An entire generation of healthcare leaders has come and gone since the NHS faced a year as daunting as 2017. The service was able to live off the capacity and capability built up during the time of plenty in the noughties until the middle of this decade before the funding famine really made itself felt in last year.
Perhaps only Newcastle’s Sir Leonard Fenwick really knows what 2017 and subsequent years will mean for the service and what it takes to survive it as a healthcare leader.
But an NHS year is never simply all good or all bad: the Mid Staffs scandal happened while the service was awash with money and there will not be one reader of this article that cannot think of one aspect of the service that is better now than it was in 2010.
But let us examine the cloud before the silver lining.
Expect no financial rescue
Restricted funding and rising demand has created the perfect storm for the NHS.
On finance, the Treasury wolf will be kept from the door through a combination of genuine efficiency savings, non-recurrent cuts and clever accounting. But the hope that the provider sector will begin the next financial year in balance on a monthly run-rate basis has more or less vanished, while the commissioning sector will end the year with a sizeable deficit. New financial pressures created by the Apprentice Levy and changes to pension provision will add to the burden.
The amount of money available for transformation will be severely limited and focussed on a few areas which align with priorities and can produce the fastest results. The financial plans underpinning most sustainability and transformation plans will be re-defined as indicative exercises setting out a direction of travel rather than a robust framework for the future shape of services.
We may yet see more cash to help emergency care performance, for example the bringing forward of Better Care Fund cash from later in the spending review period to ease delayed discharges – but do not hold your breath. The major financial event of the year for the NHS – if any – is likely in the autumn with the announcement of some kind of 70th birthday present for the service.
The contracting round appears to have gone relatively smoothly to the credit of all involved. But HSJ understands it has generated some eye-watering cost improvement plans which could unravel very quickly should their delivery not be nailed very soon.
The various workstreams begun by the Carter efficiency review and the Getting it Right First Time programme led by Professor Tim Briggs are vital contributions to tackling waste in the NHS’s back office and frontline services respectively. But there is no doubt that aspects such as the rollout of Carter Care Hours Metric and the focus on “sub-scale” or “unsustainable” clinical services will make it a very uncomfortable year for some.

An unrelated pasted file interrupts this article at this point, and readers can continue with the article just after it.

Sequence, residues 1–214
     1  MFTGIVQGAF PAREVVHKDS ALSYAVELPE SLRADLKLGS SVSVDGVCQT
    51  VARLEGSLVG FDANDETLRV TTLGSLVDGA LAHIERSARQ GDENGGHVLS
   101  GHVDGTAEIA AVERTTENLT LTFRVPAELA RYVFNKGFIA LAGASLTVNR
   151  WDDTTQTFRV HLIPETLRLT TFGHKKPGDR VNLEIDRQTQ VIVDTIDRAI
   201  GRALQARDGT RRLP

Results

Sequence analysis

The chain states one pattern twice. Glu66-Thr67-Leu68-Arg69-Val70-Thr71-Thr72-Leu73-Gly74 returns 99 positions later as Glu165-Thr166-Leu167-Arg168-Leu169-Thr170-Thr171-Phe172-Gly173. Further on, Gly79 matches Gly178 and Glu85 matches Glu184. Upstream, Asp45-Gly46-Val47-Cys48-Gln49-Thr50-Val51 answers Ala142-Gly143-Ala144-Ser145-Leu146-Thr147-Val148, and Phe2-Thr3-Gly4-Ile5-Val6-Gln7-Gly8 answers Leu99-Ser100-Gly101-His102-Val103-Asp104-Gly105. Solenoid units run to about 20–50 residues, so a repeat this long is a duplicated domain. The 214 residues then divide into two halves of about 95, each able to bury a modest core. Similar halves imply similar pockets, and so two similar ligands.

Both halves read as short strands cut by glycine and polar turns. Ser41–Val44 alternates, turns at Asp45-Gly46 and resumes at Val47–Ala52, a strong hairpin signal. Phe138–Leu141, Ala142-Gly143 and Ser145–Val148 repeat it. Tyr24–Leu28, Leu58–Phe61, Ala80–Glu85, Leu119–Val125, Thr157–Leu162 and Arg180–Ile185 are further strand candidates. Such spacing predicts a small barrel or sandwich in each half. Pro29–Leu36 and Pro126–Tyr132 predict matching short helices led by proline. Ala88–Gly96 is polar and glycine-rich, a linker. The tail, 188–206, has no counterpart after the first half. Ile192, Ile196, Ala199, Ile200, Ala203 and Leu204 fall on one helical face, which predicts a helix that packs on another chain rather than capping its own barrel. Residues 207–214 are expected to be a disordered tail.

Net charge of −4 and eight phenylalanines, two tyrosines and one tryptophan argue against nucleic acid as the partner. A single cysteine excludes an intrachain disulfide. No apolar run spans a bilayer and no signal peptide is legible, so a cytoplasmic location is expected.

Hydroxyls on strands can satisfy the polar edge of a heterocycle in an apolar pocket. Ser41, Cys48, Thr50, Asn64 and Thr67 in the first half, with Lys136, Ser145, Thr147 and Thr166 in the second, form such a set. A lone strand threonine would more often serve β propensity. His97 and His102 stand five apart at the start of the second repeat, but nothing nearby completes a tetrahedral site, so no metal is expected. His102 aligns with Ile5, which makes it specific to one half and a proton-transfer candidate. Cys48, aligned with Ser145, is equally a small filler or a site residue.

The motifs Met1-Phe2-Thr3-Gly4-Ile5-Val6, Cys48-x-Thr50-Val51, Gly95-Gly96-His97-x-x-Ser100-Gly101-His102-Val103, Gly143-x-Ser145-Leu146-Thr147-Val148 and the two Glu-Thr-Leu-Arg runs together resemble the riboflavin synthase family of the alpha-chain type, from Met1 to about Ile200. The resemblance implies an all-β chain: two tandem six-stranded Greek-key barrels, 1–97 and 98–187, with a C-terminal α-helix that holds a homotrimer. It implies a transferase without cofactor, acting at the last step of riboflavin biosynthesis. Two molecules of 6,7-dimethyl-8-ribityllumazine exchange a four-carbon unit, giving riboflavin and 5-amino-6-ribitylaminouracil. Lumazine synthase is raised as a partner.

Staffing shortages – particularly nursing and GPs – will continue to undermine both performance and care model reform.
The improvement in the quality of NHS services, especially their accessibility, accelerated throughout the first decade of this century. This continued for the first half of this decade, but is now starting to reverse – again most noticeably on access.
The number of poor performers on emergency and elective waiting times will increase and the outliers become more alarming, and the elective waiting list will top four million. There is little immediate hope of the decline being reversed and the social care crisis appears intractable - it now seems likely the service will reach 2020 with a performance trajectory similar to that in 2000.
The pressures on the service will also mean the return of some problems the NHS thought it had seen the back of. Tackling healthcare acquired infections, driven by hospital over-crowding, could well soon return to the “must do” list of trust boards, while the quality of the healthcare estate will increasingly resemble the tatty and uncared-for NHS buildings of the 1990s.
There will be much talk of alternative sources of capital and of a new generation of public/private finance deals – but a risk-averse Treasury will rain on most of them.
Hope amid the darkness?
Is there really an upside among all this gloom? Possibly, though you have to look closely and have a strong belief in things turning out for the best.
In March there will be a major attempt to reboot the sustainability and transformation process and, at the same time, to remind the service of the goals of the Five Year Forward View. NHS England will attempt to highlight the progress made so far and set out a clearer definition of success in transforming care models.
The service’s reaction will be a key test in seeing if the consensus supporting the Forward View still holds. Government interest in the ambitions it sets out, especially from No10, will also tell us much about whether Simon Stevens has been successful in building bridges with the new government.
Service reconfiguration will attract controversy – some deserved, much not – and continue at a pace slower than originally hoped. However, it is likely NHS England will be able to point to real movement on new care models with the first multispeciality provider and primary and acute system contracts imminent, as well as the further roll out of the significant Primary Care Home model. They will not represent a tide of change or be without problems and controversy, but they will give hope that change is possible.